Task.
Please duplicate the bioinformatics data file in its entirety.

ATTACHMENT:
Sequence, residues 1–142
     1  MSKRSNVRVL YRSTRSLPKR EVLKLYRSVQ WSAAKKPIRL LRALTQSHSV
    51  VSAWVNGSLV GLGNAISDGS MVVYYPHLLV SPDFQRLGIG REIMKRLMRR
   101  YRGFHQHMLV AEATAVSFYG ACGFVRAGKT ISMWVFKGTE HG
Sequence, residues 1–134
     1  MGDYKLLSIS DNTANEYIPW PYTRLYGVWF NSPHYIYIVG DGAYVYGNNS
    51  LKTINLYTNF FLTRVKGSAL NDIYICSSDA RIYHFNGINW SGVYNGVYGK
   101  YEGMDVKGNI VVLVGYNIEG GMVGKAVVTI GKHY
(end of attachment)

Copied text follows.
Sequence, residues 1–142
     1  MSKRSNVRVL YRSTRSLPKR EVLKLYRSVQ WSAAKKPIRL LRALTQSHSV
    51  VSAWVNGSLV GLGNAISDGS MVVYYPHLLV SPDFQRLGIG REIMKRLMRR
   101  YRGFHQHMLV AEATAVSFYG ACGFVRAGKT ISMWVFKGTE HG
Sequence, residues 1–134
     1  MGDYKLLSIS DNTANEYIPW PYTRLYGVWF NSPHYIYIVG DGAYVYGNNS
    51  LKTINLYTNF FLTRVKGSAL NDIYICSSDA RIYHFNGINW SGVYNGVYGK
   101  YEGMDVKGNI VVLVGYNIEG GMVGKAVVTI GKHY